Pitt was born on the Warm Springs Indian Reservation in 1943, more than 100 years after the government relocated her ancestors to inland reservations such as Warm Springs. “We lived in a two-room cedar and shake house in ‘Hollywood,’” she laughs. “The neighborhood name, a spoof because we were so poor.” Her father—from whom she inherits her humor and artistry—worked odd jobs as a police dispatcher, garbage truck driver, and in the mill. She felt “blessed and precious” as a child, but “torn.” Her mother, an epileptic, tried to pass down traditions like beadwork, Indian fry bread, root and huckleberry feasts, and Washat religious ceremonies in the longhouse. Her father, though, thought it was dangerous to be “too Indian.”
“I wasn’t able to learn my Indian languages because my father, who knew five, had them beaten out of him, physically and emotionally, at a school for Indians,” Pitt says.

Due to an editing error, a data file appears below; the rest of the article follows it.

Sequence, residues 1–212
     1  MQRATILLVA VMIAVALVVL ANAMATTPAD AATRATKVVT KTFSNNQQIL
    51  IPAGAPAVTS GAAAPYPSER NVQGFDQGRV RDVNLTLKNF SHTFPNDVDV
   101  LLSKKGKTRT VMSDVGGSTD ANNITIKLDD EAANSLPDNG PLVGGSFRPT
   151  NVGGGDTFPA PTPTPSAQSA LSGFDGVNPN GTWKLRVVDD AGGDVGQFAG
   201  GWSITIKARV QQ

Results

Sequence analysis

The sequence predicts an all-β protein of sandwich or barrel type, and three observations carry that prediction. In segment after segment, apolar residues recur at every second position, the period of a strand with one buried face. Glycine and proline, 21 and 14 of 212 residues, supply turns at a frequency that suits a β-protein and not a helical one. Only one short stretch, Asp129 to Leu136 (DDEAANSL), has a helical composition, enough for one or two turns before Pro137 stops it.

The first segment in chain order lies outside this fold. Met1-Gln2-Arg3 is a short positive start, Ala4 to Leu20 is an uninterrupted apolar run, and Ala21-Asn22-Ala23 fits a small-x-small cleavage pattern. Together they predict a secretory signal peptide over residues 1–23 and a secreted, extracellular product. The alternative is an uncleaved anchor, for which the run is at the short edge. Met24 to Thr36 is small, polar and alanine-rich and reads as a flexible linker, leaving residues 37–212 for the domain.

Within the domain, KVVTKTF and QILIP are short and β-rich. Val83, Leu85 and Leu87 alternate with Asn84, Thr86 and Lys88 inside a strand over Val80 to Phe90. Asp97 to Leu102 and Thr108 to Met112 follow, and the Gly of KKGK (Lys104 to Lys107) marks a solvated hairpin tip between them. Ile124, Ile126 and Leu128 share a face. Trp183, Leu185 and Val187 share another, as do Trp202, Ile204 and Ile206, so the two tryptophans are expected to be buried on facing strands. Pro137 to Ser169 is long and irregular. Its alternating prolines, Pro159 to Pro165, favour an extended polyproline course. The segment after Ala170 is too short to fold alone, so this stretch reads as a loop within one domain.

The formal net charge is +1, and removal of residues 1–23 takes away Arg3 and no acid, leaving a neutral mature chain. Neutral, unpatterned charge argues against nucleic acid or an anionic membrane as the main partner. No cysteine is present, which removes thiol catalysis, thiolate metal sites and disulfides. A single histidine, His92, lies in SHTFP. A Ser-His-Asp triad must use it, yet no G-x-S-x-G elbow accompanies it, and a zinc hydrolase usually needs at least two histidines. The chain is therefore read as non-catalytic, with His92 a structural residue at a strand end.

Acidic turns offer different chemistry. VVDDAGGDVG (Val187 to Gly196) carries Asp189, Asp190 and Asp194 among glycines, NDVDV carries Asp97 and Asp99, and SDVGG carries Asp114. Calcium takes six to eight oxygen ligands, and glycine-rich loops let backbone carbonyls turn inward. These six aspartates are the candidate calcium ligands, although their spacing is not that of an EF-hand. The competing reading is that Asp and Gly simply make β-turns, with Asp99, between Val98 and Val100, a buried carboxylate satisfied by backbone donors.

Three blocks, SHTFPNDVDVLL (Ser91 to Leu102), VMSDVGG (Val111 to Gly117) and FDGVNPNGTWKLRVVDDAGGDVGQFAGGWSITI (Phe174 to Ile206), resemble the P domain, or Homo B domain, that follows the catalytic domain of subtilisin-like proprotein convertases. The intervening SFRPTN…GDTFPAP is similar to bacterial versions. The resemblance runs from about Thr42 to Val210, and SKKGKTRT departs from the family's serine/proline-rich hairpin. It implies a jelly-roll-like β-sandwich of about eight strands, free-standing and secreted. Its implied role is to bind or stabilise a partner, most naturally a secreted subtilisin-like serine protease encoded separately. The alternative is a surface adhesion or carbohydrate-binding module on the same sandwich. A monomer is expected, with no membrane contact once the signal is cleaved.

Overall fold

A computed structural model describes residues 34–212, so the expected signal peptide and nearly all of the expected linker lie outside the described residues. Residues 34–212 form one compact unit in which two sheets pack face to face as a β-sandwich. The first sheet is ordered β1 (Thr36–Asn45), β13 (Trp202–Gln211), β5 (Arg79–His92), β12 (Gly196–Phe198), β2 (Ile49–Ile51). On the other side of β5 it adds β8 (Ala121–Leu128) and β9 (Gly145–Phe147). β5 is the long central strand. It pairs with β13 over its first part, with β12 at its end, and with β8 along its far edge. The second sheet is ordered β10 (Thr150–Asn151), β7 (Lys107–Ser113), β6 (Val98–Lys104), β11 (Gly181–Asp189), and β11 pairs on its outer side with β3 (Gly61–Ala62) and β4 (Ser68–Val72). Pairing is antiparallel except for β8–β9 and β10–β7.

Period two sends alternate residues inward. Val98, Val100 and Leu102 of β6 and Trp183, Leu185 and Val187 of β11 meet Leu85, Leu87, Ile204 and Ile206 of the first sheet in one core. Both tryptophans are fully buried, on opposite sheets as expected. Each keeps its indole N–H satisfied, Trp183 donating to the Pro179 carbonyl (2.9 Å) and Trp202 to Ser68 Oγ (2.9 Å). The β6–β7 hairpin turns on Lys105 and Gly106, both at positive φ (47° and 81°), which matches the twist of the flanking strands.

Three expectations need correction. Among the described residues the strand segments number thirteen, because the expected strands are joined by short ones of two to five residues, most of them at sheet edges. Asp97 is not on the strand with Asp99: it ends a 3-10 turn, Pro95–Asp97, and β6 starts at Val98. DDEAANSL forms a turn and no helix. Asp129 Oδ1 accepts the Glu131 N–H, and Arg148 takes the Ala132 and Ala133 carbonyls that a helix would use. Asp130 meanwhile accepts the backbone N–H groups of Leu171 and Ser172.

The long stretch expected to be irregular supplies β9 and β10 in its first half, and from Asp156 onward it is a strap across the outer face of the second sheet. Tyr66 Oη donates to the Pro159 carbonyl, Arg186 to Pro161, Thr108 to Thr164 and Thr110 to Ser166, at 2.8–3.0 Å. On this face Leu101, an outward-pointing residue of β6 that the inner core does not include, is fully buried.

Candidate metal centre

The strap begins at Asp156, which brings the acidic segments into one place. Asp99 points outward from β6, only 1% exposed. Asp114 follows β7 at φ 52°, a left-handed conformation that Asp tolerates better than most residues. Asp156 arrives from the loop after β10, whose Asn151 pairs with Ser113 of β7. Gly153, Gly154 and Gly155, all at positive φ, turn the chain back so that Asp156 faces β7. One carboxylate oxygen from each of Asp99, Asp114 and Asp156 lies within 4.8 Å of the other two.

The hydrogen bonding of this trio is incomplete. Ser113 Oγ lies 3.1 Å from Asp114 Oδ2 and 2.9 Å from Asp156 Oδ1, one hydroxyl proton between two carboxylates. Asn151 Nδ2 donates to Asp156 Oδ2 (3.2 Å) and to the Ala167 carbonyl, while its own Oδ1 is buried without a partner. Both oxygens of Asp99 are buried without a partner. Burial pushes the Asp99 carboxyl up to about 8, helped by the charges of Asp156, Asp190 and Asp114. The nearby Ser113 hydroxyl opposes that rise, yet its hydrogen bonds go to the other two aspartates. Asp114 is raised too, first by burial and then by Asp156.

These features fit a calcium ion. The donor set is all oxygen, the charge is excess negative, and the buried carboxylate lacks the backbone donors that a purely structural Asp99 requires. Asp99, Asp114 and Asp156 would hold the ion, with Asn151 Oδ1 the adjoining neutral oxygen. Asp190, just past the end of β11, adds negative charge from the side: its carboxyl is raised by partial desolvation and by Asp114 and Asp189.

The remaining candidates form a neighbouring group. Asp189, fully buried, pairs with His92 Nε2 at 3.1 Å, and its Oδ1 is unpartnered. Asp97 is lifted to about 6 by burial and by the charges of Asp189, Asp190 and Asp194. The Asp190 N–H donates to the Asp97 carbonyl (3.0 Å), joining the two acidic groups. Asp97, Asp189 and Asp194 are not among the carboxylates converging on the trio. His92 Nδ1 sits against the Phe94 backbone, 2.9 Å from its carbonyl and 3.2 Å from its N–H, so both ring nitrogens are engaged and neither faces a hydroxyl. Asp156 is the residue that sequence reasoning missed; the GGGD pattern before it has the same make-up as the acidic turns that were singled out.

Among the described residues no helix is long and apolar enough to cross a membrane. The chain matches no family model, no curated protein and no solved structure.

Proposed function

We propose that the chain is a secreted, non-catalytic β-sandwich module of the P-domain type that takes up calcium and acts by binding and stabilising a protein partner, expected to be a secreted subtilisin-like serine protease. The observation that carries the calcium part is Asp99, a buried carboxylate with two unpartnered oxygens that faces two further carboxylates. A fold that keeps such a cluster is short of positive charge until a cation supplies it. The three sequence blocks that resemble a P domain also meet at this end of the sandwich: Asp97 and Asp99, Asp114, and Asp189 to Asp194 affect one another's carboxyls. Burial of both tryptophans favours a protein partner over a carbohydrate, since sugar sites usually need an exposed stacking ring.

When Pitt was in sixth grade, her father moved the family to Madras, hoping to distance his children from the cigarettes and drinking on the reservation. In town, however, Pitt felt the sting of racism. She recalls that one of her high school teachers repeatedly told racist jokes aboout Indians in class. “I was trying to balance the truth my parents spoke into my soul— ‘you’re smart, so work hard, don’t let your people down’—with the expectation from others that because you’re Indian, you must be lazy and a drunk,” she says. “So, I hated school, drank and smoked. I played hooky, swimming in the farmers’ irrigation canals, dreaming of being an Olympic swimmer, like Esther Williams.”
Skimming by with just enough credits to graduate, Pitt high-tailed it to Portland. For the next twenty years she worked as a hair stylist.
It wasn’t until she was in her 30s that Pitt would make a series of decisions that would define her life as an artist. She enrolled at Mt. Hood Community College, majoring in mental health and human services and graduating with a 3.8 GPA. “I finally discovered I actually had a brain,” she laughs. Secondly, she signed up for a ceramics class. It became an instant obsession. “I would literally run from mental health class to ceramics,” Pitt says jubilantly. “It was love at first touch. I loved the way the clay felt and smelled. I studied it, even dreamt about it.”